We often say in a cute and affectionate way that it is what’s inside that matters. In a sense, we could use this highly used phrase to describe the fashion in which Laval’s Festival Diapason was presented to its visitors. At first glance, the setting looks like a highly anticipated music festival with Guantanamo-esque security. Circling the grounds are five-foot high fences that go as far as the biking path that borders the river, keeping away cyclists who are asking themselves what’s going on two foot away from them. As you head into the site, you’re greeted by two police officers but as soon as you get past the guards, you feel very welcomed by the event volunteers who all wore red t-shirts.
I went to Festival Diapason on Friday night, which was the second day of the festival, but the unofficial opening day as one of the biggest bands recruited by the organizers, Alvvays, was playing on the main stage.
Blood and Glass, a band formed by lead singer Lisa Moore, were the first to hit the stage, 40 minutes later than expected, in front of a really small crowd. The few that saw Lisa Moore were surely amazed by her voice. Because she was wearing a long dress, the little steps she took from her keyboard on the right of the stage to the middle resembled the moves of a music-box ballerina. The performance was really impressive, a musical experience from start to finish. Moore’s whispers at the end of songs gave the impression that she was telling you a story.
Next were the sweet guitar sounds of Alex Calder. Calder plays a style that some will compare to Mac Demarco’s and his now independent former counterpart, Peter Sagar (Homeshake), but Calder’s music is the closest of the three to pop. Playing without Tom, one of the band members, who was hit by a car while on tour, Calder still impresses with how he manages to use his guitar in a highly melodic way while singing with a very high pitched voice from times to times. Calder’s music is really unique and needs to be heard.
The third band of the night was The Muscadettes. The Ambridge sisters, two sisters who grew up in San Francisco but are now based in Montreal, brought much needed energy to the crowd with their surf-pop and their guitar play. In a time where girl bands are becoming more and more popular, The Muscadettes have a chance to thrive in Montreal where this kind of music is nearly unheard of. Their song Pearl & Oyster could really well be the intro of a teen drama with its soaring pace and the fact that the singers sound younger than they really are. For all of those who want to get a taste of the ’60s, The Muscadettes are a must.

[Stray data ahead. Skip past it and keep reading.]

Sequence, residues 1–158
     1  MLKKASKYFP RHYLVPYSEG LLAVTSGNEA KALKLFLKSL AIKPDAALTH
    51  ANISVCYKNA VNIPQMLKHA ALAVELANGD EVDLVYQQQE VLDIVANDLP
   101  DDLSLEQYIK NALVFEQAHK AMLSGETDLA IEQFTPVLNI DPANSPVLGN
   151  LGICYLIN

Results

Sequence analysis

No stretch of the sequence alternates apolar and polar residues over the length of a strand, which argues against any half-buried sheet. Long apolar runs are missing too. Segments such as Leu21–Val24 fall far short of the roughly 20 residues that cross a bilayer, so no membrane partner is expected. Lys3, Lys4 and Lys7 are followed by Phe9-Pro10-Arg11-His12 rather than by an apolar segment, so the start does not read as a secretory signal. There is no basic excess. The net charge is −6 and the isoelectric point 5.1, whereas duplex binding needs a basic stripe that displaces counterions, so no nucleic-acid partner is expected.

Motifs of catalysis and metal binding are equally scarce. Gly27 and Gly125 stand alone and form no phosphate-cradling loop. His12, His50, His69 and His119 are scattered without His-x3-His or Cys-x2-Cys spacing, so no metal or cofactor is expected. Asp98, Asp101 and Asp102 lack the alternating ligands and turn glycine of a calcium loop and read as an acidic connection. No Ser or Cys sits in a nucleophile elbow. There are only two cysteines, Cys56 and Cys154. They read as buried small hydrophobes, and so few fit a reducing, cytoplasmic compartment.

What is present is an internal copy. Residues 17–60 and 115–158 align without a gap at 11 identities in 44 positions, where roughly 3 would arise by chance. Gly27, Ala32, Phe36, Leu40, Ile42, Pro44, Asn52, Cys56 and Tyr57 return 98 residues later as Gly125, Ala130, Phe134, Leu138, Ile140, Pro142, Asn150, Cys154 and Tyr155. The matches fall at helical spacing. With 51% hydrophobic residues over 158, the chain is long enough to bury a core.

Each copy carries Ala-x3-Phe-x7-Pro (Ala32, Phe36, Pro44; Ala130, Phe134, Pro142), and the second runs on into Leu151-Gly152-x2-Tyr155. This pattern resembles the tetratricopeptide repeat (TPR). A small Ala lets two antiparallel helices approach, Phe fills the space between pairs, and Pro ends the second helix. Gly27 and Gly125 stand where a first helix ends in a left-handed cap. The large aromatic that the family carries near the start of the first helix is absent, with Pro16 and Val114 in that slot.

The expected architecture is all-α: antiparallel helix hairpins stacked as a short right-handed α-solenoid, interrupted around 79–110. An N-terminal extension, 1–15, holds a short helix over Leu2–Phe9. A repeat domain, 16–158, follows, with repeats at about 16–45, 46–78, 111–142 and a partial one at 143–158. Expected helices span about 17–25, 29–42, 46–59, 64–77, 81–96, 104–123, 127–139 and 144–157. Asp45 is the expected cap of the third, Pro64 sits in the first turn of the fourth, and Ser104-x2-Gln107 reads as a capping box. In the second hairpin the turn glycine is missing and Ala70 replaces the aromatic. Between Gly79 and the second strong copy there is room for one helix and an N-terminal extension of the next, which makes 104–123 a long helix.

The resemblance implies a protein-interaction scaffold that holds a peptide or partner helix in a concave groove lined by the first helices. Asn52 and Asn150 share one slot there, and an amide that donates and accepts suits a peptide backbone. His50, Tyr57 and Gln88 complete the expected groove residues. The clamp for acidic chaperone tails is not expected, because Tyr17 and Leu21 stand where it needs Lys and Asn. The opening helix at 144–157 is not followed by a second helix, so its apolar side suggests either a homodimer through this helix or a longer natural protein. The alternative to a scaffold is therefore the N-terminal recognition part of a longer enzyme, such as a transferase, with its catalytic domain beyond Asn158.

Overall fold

Second to last was Kandle and the Krooks. Kandle’s groove is at times at the crossroads between folk and country, but you can hear some rock as well. Demon, one of the band’s most popular songs, echoes Charlie Winston’s Dusty Men. The song was the last of their set and as soon at it took of and Kandle suggested that everyone got up (from 5 p.m. to 9 p.m., people sat down in the grass, far from the stage), the vibe was the best I had seen since I arrived. If the goal was to light up the crowd before Alvvays, the use of Kandle as the last opening act was very adequate.
Alvvays put on a great show, as they always do. Led by lead vocalist Molly Rankin, the Toronto-based group sang for about 45 minutes, including an encore, the only band to do one the whole evening. The self-titled first album was a great success and was on top of the college charts in August 2014, so it was no surprise that the people who came to see them were between the age of 18 and 30. The band played most of the songs from their first album and also added some new tunes like Underneath Us. Described by guitarist Alec O’Hanley as hillbillies, Molly Rankin and Kerri MacLellan really have a neat relationship on stage. Kerri, who plays the keyboard, often looks at her childhood friend from Cape Breton, Molly, to give her a signal. You can without a doubt hear that Molly is a Maritimer when she sings which makes their songs unique. Weirdly, Molly’s voice parallels the one of Camera Obscura’s Tracyanne Campbell who is Scottish. Since a lot of people came specifically to watch Alvvays, we sang along from start to finish as hits like Adult Diversion, Archie, Marry me and Dives were played. Alvvay’s songs talk about love, drinking and having fun, three things you will want to do after listening to a couple of their compositions.
Festival Diapason is a hidden gem and I believe it will stay that way for a couple of years. The location is relatively far from downtown Montreal (Ste. Rose), something I mentioned to Alex Calder and Alec O’Hanley after their respective shows, (40 minutes bus ride from Cartier; 30 from Côte-Vertu) and there wasn’t much invested in publicity. Even though the festival wasn’t very publicized, the organizers must have invested a ton this year in bringing great artists and not charging anything, so I think it’s the duty of everyone who went this year to talk about what this Festival is all about: great music in a great setting.
Check out the website for Festival Diapason HERE.